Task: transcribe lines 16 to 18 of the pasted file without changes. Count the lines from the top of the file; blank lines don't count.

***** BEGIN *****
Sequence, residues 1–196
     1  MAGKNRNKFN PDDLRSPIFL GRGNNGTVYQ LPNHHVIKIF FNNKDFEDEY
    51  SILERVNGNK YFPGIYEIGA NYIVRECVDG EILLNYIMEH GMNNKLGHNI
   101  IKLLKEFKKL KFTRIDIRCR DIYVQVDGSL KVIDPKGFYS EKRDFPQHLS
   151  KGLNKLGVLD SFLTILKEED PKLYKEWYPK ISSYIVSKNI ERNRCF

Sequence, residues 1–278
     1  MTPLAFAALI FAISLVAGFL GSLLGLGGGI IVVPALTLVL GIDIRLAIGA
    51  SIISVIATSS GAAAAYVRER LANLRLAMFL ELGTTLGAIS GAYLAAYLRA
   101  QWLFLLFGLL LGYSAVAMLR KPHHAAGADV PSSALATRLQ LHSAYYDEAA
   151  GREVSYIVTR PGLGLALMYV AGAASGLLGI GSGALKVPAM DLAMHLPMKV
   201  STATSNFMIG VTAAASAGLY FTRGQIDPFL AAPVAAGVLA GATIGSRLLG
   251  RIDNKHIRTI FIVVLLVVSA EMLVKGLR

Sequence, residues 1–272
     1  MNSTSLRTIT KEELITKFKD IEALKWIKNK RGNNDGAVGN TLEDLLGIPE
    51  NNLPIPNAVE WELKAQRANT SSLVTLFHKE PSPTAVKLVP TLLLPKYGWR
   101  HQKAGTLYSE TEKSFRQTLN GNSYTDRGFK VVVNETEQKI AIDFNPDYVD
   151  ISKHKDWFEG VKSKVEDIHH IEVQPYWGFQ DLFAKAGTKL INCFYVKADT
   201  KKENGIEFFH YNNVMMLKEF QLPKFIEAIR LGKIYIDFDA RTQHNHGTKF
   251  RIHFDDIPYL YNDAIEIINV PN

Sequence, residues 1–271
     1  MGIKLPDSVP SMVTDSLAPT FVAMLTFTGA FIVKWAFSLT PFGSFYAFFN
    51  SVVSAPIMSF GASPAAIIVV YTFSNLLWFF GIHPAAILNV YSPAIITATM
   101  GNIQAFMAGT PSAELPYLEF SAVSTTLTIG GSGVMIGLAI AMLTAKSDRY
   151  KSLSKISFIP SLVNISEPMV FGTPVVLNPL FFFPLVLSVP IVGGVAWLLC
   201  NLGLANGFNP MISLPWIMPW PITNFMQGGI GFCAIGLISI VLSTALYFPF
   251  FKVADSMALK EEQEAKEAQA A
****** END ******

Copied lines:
   101  HQKAGTLYSE TEKSFRQTLN GNSYTDRGFK VVVNETEQKI AIDFNPDYVD
   151  ISKHKDWFEG VKSKVEDIHH IEVQPYWGFQ DLFAKAGTKL INCFYVKADT
   201  KKENGIEFFH YNNVMMLKEF QLPKFIEAIR LGKIYIDFDA RTQHNHGTKF